By Tali Tsipori
Globes, Tel Aviv, Israel.
Although Israel’s high-tech industry is already quite mature, and being a start-up entrepreneur is not really an innovative idea, founding a company, let alone a company that will survive, is not easy.
Moreover, the process is liable to turn out to be quite hard as time goes by, with the pace of technology innovation almost as fast as a Formula 1 racing car.
This is the main reason why every entrepreneur, even one for whom this is not his first start-up, needs support and advice, as well as office space to work in, and it is the reason technology incubators and accelerators are flourishing.
There are both private and government incubators — incubators supported by the Office of the Chief Scientist. In Israel at least, the accelerator program is a structure that is much more suited for new outstanding companies and offers programs that are usually shorter than those of incubators.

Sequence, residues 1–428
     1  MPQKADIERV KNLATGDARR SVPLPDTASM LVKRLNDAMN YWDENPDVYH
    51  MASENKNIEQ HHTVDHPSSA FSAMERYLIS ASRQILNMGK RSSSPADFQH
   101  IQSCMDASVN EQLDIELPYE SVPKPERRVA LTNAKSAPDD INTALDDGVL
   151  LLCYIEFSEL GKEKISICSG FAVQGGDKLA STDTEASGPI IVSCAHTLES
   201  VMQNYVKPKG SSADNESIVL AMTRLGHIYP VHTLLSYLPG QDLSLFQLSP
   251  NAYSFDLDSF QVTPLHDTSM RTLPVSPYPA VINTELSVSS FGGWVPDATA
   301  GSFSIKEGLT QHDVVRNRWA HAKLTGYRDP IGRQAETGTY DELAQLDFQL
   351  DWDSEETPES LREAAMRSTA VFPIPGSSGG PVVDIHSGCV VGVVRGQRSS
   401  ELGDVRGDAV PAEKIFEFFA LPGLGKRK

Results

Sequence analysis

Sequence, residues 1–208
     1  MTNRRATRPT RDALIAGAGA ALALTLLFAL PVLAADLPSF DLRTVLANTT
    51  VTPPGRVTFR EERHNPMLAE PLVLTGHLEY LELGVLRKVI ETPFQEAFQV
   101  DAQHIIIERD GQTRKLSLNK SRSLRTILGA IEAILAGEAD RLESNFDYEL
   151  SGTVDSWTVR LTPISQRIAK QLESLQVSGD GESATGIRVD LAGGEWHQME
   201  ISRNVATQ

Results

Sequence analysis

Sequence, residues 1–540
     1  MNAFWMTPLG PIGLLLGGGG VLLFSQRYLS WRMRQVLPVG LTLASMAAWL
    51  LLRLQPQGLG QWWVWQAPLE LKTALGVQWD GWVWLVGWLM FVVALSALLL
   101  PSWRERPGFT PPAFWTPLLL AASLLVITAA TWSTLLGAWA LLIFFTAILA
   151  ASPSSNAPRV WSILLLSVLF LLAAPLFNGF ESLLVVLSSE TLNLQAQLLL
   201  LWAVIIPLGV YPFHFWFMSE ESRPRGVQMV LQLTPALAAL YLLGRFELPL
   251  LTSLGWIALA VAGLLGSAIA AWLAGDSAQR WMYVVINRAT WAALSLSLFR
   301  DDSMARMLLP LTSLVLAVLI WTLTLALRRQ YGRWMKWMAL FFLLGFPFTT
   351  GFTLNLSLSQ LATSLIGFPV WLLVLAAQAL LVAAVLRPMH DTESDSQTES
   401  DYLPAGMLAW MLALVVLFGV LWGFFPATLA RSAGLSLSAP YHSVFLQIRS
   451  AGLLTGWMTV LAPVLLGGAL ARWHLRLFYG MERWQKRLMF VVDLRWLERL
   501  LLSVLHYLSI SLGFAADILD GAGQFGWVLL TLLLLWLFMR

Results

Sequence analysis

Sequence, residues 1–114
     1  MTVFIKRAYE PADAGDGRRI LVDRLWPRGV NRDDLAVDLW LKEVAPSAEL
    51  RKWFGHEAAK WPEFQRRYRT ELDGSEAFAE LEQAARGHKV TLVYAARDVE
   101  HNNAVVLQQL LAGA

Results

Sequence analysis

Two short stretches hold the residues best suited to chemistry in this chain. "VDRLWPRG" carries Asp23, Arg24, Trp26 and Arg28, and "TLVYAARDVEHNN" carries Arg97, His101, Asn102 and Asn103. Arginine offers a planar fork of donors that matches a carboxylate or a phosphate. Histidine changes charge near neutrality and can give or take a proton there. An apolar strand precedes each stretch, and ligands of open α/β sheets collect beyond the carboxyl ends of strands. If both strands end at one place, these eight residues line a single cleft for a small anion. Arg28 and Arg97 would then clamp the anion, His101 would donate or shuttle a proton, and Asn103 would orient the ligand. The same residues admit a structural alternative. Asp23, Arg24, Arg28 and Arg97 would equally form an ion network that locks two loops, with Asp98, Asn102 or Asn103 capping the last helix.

Below, “Globes” reviews the four incubators and accelerator programs which are participating in the SmartUp3 competition.
8200 EISP: not just military intelligence
8200 EISP, the Entrepreneurship and Innovation Support Program, is one of Israel’s oldest and most successful accelerator programs, by amount of capital raised, participating in the SmartUp3. Managing director Guy Katsovich says that the program is not intended only for veterans of the IDF Military Intelligence Unit 8200. Veterans of this unit account for a substantial proportion of Israel’s information security entrepreneurs.
“Each year, we admit to the program 20 companies out of 400 applicants. We do not invest in these companies, but only provide them office space, marketing, business, legal, and other advice. This is not a for-profit program,” says Katsovich, adding that the program receives financial support from sponsors, such as Battery Ventures LP, Bank Hapoalim (TASE: POLI), and Ernst & Young Israel.